Moving to our particular context of Hindi films, I tentatively posit that a filmi fiasco involves two basic phenomena, which are basically elaborate ways of saying "failure" and "scale":
1) The film wildly or catastrophically fails to meet its own goals, whether these are known because filmmakers or cast have stated them publicly or inferred by the audience through experience with similar films, other works by people involved, whatever was emphasized by promotional materials, etc. Audiences have every right to make these inferences—not being able to control how people understand and judge their work is one of the prices paid when a creator releases their work into the world—but of course they might not be what the creator intends or want. A goal can be as straightforward as the beloved concept "timepass" or as deceptively simple as "tell the story of ____."
2) The film violates the generally accepted concept of what a movie is without a good reason. That last part is critical to the definition because it helps distinguish between experiment and ambition on one hand and laziness and incompetence on the other. Failing to be a complete, coherent work might be a very purposeful statement by a filmmaker who is experimenting with conventions, and to me if that's done in service of making a bigger point about film history, culture, audience expectations, narrative, whatever, that's fine. Similarly, a tiny budget that cannot support the filmmakers' ambitions is not an automatic condemnation to fiasco. No one should be criticized for having dreams bigger than their pockets, though perhaps this situation leads more often to "A for effort" than impressive results.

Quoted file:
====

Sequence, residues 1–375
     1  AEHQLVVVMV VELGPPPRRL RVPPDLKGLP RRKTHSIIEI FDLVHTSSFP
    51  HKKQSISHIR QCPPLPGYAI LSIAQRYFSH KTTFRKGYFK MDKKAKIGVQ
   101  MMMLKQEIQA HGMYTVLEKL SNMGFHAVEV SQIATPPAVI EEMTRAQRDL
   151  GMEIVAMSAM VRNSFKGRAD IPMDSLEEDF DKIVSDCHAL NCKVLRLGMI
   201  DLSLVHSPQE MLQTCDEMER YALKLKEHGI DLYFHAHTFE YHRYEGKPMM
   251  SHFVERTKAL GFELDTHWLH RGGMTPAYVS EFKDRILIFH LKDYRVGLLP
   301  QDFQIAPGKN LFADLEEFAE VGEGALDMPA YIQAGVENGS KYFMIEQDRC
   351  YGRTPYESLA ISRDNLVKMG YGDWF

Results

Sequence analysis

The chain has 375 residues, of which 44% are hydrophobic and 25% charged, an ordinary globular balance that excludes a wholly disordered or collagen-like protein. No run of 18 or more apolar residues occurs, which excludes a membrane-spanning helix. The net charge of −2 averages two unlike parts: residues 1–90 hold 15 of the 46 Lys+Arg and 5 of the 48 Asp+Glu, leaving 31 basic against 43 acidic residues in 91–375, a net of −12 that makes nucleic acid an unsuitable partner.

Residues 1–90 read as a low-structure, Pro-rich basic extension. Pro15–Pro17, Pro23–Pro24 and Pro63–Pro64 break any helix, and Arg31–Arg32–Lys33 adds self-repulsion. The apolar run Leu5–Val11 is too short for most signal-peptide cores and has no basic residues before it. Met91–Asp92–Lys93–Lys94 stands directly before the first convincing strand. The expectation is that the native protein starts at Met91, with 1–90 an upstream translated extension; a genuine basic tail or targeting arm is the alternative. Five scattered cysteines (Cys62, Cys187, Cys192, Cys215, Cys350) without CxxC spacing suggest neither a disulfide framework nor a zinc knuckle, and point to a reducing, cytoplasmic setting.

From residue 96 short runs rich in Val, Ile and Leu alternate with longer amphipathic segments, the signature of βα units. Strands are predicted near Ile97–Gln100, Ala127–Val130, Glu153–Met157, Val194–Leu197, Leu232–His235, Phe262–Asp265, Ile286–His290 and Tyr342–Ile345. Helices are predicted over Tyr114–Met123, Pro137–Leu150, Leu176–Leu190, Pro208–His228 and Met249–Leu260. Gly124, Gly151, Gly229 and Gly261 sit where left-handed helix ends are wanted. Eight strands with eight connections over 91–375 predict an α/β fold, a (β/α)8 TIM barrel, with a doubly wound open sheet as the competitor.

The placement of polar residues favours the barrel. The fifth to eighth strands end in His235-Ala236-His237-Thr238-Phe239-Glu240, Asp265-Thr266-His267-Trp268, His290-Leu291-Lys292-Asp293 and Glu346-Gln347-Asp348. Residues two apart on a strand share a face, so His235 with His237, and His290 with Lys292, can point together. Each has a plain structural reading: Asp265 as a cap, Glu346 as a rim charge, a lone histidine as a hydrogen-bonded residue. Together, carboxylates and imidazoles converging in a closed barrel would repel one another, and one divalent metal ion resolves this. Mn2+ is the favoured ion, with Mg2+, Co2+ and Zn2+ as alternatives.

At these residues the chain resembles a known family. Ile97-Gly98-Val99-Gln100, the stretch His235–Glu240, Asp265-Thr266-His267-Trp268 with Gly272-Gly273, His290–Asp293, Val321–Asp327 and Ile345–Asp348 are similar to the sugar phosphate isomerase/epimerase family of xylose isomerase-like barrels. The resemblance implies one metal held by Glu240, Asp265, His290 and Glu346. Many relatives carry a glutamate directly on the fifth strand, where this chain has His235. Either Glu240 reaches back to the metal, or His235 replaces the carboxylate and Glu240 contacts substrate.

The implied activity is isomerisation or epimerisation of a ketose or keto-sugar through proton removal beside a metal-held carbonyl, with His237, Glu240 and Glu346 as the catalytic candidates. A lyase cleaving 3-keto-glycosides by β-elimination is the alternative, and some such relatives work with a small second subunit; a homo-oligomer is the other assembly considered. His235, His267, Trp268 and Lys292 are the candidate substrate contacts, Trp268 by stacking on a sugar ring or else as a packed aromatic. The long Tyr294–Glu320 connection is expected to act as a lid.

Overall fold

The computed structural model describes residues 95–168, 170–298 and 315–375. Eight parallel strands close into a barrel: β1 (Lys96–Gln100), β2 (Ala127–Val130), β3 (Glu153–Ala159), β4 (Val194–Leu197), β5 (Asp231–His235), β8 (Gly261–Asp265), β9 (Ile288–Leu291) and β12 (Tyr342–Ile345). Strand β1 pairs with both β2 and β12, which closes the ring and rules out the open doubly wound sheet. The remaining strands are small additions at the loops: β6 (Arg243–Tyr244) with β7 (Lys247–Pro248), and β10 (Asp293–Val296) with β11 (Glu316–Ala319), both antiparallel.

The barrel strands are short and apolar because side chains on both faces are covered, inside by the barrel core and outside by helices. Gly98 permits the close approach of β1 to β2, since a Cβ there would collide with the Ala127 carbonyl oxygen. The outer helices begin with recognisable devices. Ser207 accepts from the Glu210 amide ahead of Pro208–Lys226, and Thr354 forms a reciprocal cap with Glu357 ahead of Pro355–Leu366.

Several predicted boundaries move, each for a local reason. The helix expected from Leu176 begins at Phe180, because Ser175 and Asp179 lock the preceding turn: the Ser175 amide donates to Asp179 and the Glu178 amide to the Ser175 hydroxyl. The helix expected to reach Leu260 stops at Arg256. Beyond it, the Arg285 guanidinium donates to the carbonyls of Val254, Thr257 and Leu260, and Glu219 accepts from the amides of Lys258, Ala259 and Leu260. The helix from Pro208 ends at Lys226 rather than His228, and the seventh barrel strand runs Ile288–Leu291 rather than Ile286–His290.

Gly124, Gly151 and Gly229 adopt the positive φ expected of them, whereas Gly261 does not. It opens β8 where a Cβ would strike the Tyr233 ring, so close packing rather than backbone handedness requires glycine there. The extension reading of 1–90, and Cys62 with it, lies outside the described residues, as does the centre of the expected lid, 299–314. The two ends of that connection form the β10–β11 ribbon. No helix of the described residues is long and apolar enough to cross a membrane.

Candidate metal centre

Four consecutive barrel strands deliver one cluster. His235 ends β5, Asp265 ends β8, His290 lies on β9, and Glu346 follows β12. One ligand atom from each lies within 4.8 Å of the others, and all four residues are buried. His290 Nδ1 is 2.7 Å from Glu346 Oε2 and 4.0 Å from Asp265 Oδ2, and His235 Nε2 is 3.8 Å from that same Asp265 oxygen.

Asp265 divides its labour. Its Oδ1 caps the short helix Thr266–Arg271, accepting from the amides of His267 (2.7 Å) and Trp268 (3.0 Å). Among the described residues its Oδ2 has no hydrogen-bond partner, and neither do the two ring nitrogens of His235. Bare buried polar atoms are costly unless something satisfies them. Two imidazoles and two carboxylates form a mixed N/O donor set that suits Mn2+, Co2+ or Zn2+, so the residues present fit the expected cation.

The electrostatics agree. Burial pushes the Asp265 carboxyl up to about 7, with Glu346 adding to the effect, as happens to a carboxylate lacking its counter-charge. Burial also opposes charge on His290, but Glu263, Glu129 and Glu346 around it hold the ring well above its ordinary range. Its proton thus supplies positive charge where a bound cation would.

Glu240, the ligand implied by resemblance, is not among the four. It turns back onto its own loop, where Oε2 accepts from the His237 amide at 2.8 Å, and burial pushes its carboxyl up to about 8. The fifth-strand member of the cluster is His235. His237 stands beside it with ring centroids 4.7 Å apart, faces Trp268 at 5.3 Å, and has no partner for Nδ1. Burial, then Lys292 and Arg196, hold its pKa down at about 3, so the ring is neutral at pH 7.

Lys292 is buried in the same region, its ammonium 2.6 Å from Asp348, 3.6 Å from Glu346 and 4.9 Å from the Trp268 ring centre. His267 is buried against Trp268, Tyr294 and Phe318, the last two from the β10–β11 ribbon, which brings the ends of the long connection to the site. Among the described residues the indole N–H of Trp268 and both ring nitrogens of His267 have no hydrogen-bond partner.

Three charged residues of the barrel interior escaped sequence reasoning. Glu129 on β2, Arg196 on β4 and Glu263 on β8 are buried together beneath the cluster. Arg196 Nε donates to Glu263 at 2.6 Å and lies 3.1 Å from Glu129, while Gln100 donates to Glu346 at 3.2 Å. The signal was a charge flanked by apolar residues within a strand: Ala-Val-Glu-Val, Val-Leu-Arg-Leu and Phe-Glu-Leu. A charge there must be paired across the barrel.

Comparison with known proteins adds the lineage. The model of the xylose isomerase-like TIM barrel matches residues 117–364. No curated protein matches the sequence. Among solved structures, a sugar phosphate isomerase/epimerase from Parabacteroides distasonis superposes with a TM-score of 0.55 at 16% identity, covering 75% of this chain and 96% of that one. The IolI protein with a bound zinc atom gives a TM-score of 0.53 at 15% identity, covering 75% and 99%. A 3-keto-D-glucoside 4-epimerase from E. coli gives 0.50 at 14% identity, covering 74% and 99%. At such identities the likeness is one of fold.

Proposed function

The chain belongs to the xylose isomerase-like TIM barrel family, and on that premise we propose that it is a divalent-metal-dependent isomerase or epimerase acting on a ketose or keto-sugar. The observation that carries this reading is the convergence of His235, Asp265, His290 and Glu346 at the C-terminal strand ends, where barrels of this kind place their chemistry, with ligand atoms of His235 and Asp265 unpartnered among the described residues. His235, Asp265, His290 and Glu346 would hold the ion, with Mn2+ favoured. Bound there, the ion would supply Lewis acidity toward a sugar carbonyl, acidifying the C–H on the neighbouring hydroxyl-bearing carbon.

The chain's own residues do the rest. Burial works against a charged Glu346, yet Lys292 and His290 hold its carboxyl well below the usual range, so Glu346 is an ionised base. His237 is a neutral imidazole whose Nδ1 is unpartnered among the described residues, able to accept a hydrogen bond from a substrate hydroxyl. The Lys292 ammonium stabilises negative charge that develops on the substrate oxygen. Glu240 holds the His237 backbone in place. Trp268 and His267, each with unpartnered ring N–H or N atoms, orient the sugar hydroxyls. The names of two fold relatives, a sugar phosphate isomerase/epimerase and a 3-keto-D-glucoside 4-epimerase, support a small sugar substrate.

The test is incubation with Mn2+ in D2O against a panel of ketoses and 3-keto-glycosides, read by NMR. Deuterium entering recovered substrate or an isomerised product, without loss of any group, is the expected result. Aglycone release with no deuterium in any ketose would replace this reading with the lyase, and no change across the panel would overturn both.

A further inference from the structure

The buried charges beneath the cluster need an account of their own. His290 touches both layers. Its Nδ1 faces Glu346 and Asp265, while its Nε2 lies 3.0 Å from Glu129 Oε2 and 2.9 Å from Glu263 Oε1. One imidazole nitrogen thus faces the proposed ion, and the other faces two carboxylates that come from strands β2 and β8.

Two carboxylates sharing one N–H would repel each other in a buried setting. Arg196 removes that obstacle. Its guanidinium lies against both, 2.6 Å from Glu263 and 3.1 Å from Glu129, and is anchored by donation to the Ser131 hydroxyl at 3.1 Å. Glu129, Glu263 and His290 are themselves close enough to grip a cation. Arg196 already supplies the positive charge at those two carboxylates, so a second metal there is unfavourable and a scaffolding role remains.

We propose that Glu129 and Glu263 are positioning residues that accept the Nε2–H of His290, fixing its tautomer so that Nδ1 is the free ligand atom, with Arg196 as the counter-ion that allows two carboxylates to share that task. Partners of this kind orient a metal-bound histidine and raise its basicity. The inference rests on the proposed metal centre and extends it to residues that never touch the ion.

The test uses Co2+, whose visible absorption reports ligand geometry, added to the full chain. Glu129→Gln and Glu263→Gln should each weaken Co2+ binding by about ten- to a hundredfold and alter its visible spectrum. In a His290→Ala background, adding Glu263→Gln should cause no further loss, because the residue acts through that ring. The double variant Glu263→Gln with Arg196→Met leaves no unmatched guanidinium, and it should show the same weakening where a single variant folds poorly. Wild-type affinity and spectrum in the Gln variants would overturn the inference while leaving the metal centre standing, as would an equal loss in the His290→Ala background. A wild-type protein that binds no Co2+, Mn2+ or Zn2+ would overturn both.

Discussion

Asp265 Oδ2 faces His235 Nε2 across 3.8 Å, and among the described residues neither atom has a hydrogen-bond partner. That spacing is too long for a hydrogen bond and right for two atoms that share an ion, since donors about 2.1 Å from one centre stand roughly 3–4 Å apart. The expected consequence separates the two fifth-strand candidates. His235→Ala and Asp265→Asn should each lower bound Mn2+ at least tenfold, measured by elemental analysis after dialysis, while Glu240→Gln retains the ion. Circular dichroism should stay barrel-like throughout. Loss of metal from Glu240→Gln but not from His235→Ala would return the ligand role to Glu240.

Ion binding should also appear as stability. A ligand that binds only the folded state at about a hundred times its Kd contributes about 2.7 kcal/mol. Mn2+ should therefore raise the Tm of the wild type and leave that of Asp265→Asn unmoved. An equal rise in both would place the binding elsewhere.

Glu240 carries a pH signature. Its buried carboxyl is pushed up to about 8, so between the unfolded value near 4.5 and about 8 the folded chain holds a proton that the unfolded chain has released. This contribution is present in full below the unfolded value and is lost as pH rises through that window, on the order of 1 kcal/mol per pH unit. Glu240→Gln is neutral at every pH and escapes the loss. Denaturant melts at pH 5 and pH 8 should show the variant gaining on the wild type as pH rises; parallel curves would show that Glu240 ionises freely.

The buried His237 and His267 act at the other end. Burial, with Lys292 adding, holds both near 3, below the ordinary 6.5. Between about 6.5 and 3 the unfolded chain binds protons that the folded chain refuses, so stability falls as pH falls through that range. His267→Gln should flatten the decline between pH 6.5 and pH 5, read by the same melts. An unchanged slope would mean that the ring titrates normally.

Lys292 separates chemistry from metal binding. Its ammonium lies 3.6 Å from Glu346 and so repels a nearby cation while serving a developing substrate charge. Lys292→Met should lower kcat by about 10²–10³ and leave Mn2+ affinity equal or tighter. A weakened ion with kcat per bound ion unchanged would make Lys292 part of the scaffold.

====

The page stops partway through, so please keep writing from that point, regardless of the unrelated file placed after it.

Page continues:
Note that "box office" in isolation is not entering into it. Not all flops are fiascos.

A few films popped into my head as I was listening to the podcast. First on my list is Kamal R. Khan's Deshdrohi, which is a very easy choice and comes to mind whenever I think of spectacular failures and deluded filmmakers, which I do more frequently than you might guess.
If you haven't seen it, Deshdrohi is my vote for Bollywood's The Room; if you haven't seen The Room and there's no midnight screening near you right away, you can find it in the usual places. Deshdrohi is a perfect example of PCHH's definition of a fiasco: ego and ambition exceeding competency and reality. However, it's often boring, too, and I'm not sure a fiasco can be boring.

I also nominate Harinam Singh's Shaitani Dracula. I am fascinated by this film, and no doubt I have whined at some of you sufficiently over the last four years that you've broken down and watched it—a true testament of your affection and/or morbid curiosity.

As esteemed MOSS colleague Keith says at Teleport City, says: